National Album Day will return on Saturday, October 15 and, as revealed by Music Week, this year will take debut albums as its theme. It follows themes in previous years including Women in Music and the 1980s.
National Album Day’s artist ambassadors for 2022 will be championing their love for the album between now and the build-up to the day itself.
The ambassadors announced today are: Franz Ferdinand, KSI, Liverpudlian alternative-rock band The Mysterines, and Eurovision 2022 runner-up Sam Ryder and indie-folk trio The Staves.
Now in its fifth year, National Album Day aims to shine a light on the art form of the long-player, celebrating the creativity and artistry that goes into making an album. It is organised jointly by the BPI and ERA.
The debut albums theme will look to showcase a broad range of first album releases across multiple genres and decades – from debut recordings that have gone on to become classics, to those that are only now being fully appreciated, or perhaps merit reappraisal.
Franz Ferdinand frontman Alex Kapranos said: “What a glorious medium the album is. On the most basic level it’s a bunch of songs that sound good together, but what I love is that it is a moment in time for the artist and the listener, a way to define a period of a lifetime. It’s the long form: a novel rather than a short story, a film rather than a trailer. Sure, you can get a panel of writers to construct a song to meet the criteria of the algorithm, and that’s a distinct skill, but it will never have the complexity or richness and deep reward of a good album.”
KSI, whose LP Dissimulation was the biggest British debut album of 2020 in the UK, said: “With an album, it’s essentially you living in the mind of an artist. What they’re thinking, what they’re feeling and how it makes me feel listening to it. Do I relate? Do I agree or disagree, what emotions do I feel? Even the instrumental can make you feel a certain way. Albums at different stages in our lives can be so pivotal and help inspire different ways of thinking or feeling, and that’s why I feel it is so important in our lives. Listening to certain albums is like looking back at the history of how I was feeling at that moment in time. And the nostalgia is truly amazing.”
You can get a panel of writers to construct a song to meet the criteria of the algorithm, but it will never have the complexity or richness of a good album
Lia Metcalfe, singer and songwriter of The Mysterines, whose UK Top 10 debut album Reeling was released in March, said: “I’m so pleased to be an ambassador for National Album Day. We released our debut album Reeling earlier this year and it has been one of the most seminal moments in our lives. The album will remain a part of us forever, not just because it marks our first full creation as a band, but its years worth of stories, experiences and emotions weaved through the songs.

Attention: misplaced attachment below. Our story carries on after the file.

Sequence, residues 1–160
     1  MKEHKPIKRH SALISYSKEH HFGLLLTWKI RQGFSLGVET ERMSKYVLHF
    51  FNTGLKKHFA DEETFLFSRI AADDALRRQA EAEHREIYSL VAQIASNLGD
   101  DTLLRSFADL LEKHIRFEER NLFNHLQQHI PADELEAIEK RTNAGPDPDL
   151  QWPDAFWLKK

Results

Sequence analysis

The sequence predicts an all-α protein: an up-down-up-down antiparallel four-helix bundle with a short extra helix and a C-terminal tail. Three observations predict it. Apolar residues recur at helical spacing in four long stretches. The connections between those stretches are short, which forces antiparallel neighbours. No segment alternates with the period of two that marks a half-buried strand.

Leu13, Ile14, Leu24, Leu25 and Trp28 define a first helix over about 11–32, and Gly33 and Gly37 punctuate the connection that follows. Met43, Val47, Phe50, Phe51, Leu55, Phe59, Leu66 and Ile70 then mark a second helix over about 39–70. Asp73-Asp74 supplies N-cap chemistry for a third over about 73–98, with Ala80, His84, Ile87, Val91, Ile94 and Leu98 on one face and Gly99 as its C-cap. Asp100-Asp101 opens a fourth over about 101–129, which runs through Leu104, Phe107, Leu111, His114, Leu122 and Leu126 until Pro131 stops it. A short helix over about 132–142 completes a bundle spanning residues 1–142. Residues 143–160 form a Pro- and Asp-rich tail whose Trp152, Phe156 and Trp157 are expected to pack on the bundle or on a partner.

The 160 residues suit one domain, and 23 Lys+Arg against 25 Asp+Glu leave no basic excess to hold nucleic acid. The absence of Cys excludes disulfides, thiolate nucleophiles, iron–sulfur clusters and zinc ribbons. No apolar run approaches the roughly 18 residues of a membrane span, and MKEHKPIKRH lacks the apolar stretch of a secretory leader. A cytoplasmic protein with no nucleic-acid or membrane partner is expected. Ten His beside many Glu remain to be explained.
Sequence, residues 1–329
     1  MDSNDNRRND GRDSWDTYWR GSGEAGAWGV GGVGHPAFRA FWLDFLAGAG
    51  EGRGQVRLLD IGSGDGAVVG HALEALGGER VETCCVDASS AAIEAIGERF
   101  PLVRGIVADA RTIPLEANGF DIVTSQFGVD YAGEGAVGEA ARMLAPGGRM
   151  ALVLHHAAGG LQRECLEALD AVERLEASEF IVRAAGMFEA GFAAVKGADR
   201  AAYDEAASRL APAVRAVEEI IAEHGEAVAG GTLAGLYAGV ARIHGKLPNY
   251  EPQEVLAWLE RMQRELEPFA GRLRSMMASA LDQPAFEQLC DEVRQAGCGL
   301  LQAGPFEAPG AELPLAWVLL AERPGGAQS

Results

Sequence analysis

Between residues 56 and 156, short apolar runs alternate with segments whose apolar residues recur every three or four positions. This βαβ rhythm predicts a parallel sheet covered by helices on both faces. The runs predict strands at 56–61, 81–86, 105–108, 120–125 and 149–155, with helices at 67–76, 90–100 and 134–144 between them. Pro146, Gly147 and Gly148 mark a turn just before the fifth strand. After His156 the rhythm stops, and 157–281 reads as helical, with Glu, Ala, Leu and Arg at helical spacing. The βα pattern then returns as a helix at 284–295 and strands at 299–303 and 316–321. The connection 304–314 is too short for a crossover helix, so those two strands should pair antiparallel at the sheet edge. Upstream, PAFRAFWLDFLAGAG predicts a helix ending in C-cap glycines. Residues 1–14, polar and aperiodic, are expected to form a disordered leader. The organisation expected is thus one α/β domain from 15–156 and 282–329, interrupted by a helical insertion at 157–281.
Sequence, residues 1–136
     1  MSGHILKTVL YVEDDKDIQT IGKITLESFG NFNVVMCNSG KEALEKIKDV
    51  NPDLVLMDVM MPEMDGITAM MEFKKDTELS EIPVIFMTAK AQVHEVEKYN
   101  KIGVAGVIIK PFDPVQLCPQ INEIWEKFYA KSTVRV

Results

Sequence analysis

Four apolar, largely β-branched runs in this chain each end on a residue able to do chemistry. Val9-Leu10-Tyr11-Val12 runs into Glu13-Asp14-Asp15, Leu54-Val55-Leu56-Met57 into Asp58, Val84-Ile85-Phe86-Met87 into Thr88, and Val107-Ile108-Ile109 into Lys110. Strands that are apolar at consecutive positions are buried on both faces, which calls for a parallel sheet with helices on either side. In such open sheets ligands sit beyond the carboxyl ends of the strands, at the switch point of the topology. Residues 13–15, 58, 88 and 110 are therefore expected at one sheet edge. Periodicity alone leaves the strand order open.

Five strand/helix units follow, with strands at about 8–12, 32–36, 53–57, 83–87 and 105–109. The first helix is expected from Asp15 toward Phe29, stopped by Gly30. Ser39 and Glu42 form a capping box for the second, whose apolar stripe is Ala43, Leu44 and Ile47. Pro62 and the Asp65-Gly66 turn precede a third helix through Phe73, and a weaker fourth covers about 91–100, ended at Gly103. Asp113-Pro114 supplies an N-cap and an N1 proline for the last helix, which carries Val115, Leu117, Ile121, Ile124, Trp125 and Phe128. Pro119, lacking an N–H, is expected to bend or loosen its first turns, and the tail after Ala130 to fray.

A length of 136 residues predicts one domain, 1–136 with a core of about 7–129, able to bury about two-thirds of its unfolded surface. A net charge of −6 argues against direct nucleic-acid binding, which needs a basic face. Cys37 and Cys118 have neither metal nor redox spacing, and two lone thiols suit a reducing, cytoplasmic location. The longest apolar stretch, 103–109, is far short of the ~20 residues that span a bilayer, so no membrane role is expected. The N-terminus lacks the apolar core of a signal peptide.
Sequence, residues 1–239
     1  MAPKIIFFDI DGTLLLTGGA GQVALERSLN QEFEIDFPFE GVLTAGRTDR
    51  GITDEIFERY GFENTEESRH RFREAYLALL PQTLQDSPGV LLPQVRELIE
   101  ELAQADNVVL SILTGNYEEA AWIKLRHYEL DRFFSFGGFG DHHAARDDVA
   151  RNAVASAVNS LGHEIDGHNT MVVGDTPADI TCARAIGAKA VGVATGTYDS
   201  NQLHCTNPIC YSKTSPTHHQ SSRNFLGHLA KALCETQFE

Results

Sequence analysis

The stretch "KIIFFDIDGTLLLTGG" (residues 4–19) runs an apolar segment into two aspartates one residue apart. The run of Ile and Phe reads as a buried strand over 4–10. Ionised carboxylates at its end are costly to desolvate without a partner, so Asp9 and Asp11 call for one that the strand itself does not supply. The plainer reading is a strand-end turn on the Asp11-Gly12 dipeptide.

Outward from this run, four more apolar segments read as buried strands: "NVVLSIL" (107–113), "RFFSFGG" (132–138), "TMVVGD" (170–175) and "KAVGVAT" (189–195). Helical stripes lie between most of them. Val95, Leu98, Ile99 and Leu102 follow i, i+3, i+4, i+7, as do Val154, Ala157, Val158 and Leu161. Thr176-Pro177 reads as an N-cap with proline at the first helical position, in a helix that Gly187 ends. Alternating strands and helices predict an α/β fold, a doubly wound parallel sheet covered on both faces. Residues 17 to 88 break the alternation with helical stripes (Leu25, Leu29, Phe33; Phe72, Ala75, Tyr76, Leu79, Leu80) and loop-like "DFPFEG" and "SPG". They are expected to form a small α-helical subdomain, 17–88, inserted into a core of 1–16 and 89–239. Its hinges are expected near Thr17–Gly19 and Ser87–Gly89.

“There is nothing better than listening to an album in its entirety, from start to finish, in the way the artist intended it to be heard. I feel like we’ve lost that a lot nowadays, and to be part of National Album Day as an avid record listener and collector is something that is so integral to who I am.”
Singer-songwriter and Eurovision star Sam Ryder, who’s set to release his debut on Parlophone, said: “I'm stoked to be a part of this year's National Album Day! There are so many amazing albums from artists that have been a massive part of my life, bringing so much joy. By listening to an album, you really get to know an artist.”
The Staves added: “We are honoured and excited to support National Album Day. The album format is so important and has shaped the way we listen to and make music. Growing up listening to Beatles albums, we would know them so well that we’d know not only which track was coming next, but exactly how many seconds it would be until it began, and what key it would be in.
“Our debut album, Dead & Born & Grown, captured what we were doing live - playing our songs with an acoustic guitar, a ukulele and three-part harmonies - and it marked the beginning of our journey as recording artists in earnest. The album took us around the world to new audiences and into the arms of talented and inspiring musicians and collaborators, and we are forever grateful that it connected with people.
“Albums create a world for you to inhabit as a listener, where songs are set in the context of a wider body of work, allowing for music and magic of all shades to happen until the needle leaves the record. But albums stay with you, and you can revisit that world whenever you need to get back into it. Indeed, they shape your world, too, and become part of your life as it goes on. Long live the album!”
National Album Day is presented in association with official audio partner Bowers & Wilkins and official broadcast partner BBC Sounds.